"I'm sorry, Matt, we couldn't get hold of you any earlier. We phoned the Company but they said you wouldn't be back in Ryde till about eleven, and they couldn't contact you because you haven't been issued with radios. It was Lesley (Mum's next door neighbour) who found her. She had gone round to let Dinah (Mum's dog) out, as arranged, because Sheila (Mum's Christian name) was supposed to be meeting Margaret (her friend whom she had met through the Open University) in London today. Lesley had immediately realised something had been wrong because Dinah hadn't been in the passage. She had then gone upstairs to see Sheila on the bed with Dinah whining next to her. Straightaway she phoned for an ambulance and unable to get hold of you she phoned us. When we arrived Doctor Majumdar was already here, and he was sobbing like a baby. In fact they haven't long taken her away."

At this juncture in the conversation I was attempting to visualise the sequence of tragic events, and desperately wanting to ask a lot of questions. But I had allowed Auntie to continue.

"What we believed happened is that Sheila got up, went downstairs in her dressing gown to let the dog out into the garden for a pee before returning to her bedroom to get dressed. At this point we think in the process of getting ready she must have felt seriously unwell and decided to lie down for a bit. Seconds later she must have suffered a massive heart attack. She was found lying face down half naked with her arms outstretched towards her bedside table upon which there was a glass of water, as though she was reaching out for it."

I had wondered what her last thoughts were and also whether she had suffered; or had even realised she had been dying. But we'll never know. I also thought of all the knowledge and talent she had possessed now wiped out by death; the apparent futility of existence. In addition I was relieved that I had been on good terms with her when she had died as our relationship had been stormy at times with 'unfinished business' as they say. But, the last time I had seen her, as I have already mentioned, on the top of our stairs, I had kissed her on the cheek and all had been well.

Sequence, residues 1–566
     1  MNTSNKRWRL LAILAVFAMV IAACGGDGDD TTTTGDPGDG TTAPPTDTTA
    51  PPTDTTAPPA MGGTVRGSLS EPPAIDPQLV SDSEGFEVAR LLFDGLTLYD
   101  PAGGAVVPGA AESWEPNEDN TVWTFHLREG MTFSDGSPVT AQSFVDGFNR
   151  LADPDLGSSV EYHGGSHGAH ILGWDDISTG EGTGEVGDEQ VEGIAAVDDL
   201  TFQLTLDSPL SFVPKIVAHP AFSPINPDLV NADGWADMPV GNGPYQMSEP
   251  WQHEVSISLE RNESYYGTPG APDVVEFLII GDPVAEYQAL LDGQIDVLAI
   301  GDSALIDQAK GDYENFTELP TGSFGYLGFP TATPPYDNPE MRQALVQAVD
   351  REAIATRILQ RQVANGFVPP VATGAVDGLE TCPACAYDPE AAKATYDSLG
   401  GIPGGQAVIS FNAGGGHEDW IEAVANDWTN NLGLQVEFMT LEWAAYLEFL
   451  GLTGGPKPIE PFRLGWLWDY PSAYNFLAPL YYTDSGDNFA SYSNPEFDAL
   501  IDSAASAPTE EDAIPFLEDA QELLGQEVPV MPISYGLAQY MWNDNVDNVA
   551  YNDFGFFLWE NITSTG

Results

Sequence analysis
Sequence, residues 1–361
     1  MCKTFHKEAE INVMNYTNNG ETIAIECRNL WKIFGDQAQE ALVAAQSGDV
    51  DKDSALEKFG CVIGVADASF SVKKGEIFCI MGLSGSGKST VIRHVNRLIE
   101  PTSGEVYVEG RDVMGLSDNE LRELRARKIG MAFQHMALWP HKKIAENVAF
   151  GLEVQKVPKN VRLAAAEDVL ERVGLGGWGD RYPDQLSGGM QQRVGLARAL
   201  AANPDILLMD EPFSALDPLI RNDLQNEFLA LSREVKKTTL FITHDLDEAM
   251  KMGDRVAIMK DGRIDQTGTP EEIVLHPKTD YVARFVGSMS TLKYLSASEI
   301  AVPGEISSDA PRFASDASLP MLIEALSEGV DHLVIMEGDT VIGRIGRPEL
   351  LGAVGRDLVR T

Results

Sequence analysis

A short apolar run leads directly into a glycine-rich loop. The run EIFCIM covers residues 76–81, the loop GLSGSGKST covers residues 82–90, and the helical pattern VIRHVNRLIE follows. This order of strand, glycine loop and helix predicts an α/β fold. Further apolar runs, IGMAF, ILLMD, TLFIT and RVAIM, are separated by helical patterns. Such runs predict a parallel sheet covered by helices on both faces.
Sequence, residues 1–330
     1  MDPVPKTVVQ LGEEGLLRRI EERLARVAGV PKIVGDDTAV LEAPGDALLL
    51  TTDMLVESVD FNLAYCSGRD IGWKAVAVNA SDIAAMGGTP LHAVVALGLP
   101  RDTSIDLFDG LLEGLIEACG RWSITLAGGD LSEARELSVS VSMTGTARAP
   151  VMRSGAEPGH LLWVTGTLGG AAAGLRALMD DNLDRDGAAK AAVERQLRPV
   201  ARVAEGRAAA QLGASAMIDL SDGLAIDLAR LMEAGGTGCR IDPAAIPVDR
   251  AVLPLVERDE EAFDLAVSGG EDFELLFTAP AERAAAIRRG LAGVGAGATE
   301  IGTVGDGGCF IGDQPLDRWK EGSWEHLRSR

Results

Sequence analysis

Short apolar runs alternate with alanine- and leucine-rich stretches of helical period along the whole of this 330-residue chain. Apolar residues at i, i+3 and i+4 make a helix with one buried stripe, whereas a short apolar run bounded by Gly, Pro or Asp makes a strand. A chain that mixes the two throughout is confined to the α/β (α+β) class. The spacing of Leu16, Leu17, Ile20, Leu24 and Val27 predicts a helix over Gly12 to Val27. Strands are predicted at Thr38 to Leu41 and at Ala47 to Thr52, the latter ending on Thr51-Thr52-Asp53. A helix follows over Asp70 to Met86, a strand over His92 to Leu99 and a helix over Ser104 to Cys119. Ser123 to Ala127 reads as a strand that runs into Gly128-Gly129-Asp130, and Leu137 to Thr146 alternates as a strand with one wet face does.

After I had finished the tea, made with her tea, her sugar, her milk and drunk in her cups I had made my way up to her bedroom - on the way up and hanging on the stair wall to the left was a framed pen and ink sketch of me as a young boy, reminding me again of her artistic abilities - which was on the first floor and facing north with a view across the sea (the Spithead) of Stoke's Bay.

It was in many ways an anti-climax because there was nothing to suggest that a human being had died there just a few hours earlier; it felt more like she had just popped out and would be back later: the paperback (I forget now what she was reading) with bookmark poking out of the pages resting upon the bedside table underneath the table lamp; the half-drunk tumbler of water; her black skirt and jumper folded neatly upon a hangar which was in turn hooked over the key to her wardrobe.

A little after, Margaret had phoned, rather tersely initially, from London to see why Mum hadn't met her. I had then recounted the tragic events. We didn't speak for long and I knew that her journey back to Tamworth would be a long and difficult one for her; they were good friends.

I then phoned my wife, Leanne, and also my Mother's Auntie, Dorothy, who was known simply as 'Auntie Dodo'. My shocked Uncle and Auntie had then left. After that the events of the day become a blur as I contacted a succession of friends and relatives, relevant authorities.


That evening, about eight, I had returned to the cold and unlit house with the dog, before lighting the gas fire in the lounge and switching the telly on. I remember watching The Taking of Pelham One Two Three but all the time thinking of my mother's body cold on the slab.

Before I went home, a few hours later, I paid a visit to the top bedroom (my Mother's room when I was little) to discover sitting on the mantelpiece a small Christmas gift already wrapped in silver paper for my baby son, James. It was at this point that I finally broke down and cried.